From the back cover:
The year is 1878, and the spirited Sally Lockhart, once again defying Victorian sensibilities, has gone into business for herself. When one of her clients loses a large sum of money in the unexpected collapse of a British shipping firm, Sally sets out to investigate. But as she delves deeper into the identity of the wealthy and elusive industrialist who owns the doomed company, she uncovers a plot so diabolical that it could eventually subvert the entire civilized world—and if Sally’s enemies have their way, she won’t live long enough to see it happen.
Philip Pullman continues the nerve-shattering story of his canny and courageous heroine in this second Sally Lockhart mystery.
Pullman made me cry like a great big sap again! And more than once, this time.
The Shadow in the North took place 6 years after the first book in the series, and the main characters underwent some changes in that time. Sally, awesomely, attended Cambridge and set up her own financial consulting business. Fred, the photographer, was personally much the same but had been trying unsuccessfully for years to get Sally to marry him, which led to several wonderful half-loving, half-antagonistic scenes between them. Jim, the erstwhile office boy, grew up into a young man with a taste for action and a way with the ladies.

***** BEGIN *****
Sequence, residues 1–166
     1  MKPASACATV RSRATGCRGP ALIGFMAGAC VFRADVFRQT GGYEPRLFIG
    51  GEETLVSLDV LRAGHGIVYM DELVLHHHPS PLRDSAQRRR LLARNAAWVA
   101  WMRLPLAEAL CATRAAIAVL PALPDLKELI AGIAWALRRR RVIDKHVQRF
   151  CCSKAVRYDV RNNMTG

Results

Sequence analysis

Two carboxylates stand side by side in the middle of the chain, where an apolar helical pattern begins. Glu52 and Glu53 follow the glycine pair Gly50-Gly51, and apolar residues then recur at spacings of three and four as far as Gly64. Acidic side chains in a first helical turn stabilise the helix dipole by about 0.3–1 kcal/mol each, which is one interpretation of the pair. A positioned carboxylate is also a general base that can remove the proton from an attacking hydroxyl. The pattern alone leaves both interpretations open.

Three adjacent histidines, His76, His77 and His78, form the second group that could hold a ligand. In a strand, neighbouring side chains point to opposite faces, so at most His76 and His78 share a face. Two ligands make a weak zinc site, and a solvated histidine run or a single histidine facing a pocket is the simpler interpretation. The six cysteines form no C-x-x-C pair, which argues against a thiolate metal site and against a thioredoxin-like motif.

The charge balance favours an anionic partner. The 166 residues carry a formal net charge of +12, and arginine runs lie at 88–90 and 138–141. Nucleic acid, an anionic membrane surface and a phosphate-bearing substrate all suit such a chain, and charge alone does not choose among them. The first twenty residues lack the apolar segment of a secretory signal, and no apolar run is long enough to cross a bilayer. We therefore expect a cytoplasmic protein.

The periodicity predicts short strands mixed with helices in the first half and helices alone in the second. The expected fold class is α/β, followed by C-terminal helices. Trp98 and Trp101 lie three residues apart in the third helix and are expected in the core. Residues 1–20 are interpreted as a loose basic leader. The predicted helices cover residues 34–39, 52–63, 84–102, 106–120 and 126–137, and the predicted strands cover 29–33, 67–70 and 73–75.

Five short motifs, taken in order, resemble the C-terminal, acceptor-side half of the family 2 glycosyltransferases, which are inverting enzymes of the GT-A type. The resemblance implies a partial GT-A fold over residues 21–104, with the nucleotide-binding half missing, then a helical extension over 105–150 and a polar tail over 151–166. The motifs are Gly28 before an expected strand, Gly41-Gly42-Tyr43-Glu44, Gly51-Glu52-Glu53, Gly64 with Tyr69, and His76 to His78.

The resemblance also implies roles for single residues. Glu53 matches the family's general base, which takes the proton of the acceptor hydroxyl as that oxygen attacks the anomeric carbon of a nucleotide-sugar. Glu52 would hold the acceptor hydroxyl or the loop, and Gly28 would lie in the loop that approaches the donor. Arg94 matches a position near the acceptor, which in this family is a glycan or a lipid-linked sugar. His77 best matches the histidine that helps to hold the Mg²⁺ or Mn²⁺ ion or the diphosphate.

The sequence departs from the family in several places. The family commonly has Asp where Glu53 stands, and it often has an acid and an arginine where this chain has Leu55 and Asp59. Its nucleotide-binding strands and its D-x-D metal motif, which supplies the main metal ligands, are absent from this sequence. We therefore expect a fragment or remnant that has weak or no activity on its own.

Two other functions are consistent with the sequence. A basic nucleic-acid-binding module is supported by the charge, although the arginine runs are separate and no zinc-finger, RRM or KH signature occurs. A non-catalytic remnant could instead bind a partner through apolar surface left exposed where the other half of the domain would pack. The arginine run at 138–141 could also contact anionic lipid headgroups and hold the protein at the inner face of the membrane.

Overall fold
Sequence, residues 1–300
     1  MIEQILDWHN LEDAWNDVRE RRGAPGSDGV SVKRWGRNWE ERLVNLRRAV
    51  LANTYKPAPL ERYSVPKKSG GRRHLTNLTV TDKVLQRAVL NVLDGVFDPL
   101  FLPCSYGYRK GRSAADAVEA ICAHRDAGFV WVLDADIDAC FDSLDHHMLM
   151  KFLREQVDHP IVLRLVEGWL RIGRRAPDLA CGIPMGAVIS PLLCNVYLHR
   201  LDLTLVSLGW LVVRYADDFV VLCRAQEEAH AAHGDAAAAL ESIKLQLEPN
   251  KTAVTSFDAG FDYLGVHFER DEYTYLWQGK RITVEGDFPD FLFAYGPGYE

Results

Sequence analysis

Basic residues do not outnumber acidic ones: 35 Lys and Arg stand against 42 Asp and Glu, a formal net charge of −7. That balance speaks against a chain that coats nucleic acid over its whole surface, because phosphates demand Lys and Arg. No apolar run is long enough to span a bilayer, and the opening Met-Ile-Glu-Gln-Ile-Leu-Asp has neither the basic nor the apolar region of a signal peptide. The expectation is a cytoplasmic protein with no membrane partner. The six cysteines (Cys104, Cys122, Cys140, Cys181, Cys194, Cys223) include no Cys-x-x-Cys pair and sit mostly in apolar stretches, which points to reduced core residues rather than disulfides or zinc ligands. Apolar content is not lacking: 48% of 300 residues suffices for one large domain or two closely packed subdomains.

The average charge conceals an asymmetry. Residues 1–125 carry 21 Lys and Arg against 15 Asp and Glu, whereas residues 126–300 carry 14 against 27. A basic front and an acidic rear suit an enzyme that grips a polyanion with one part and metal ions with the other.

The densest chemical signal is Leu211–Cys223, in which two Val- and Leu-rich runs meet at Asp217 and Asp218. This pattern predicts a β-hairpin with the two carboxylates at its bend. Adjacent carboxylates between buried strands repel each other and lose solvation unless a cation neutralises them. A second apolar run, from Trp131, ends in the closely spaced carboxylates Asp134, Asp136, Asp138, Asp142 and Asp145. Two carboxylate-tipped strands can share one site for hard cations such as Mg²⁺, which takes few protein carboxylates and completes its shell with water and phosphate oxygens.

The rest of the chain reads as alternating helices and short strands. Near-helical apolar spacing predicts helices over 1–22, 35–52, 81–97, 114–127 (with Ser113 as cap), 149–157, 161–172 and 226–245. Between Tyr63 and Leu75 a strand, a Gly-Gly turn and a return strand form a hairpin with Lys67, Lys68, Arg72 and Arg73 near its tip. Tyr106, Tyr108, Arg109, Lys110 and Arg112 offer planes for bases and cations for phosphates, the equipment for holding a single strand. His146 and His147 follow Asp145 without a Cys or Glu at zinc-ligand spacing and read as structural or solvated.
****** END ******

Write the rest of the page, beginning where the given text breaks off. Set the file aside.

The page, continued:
By far, the characters were the best part about the book. I loved each of the three main characters, but found many of the random people encountered as part of the investigation to be interesting, as well. I was also quite fond of Sally’s dog, Chaka. Probably because Pullman took care to show how much the fiercely loyal and protective dog loved her. Okay, yes, this was one thing that made me cry.
I didn’t think the mystery was all that interesting, though. The question was more “how do these things fit together?” and largely dealt with industrial misdeeds. Perhaps that was the point, though. This case, which might seem rather mundane on the surface, ended up impacting the characters most profoundly. And since that is what’s most important to me, I still enjoyed the book very much.
A note on the audio edition: Anton Lesser was again amazing as narrator, but I think the book might actually have been censored. While referencing my paper copy, I noticed that one paragraph, prelude to an act of physical intimacy, was excised and that some lines of post-coital dialogue were altered. The omitted bits were kind of clumsily unsubtle, so it’s possible that Pullman himself did a rewrite at some point, but it does make one suspicious.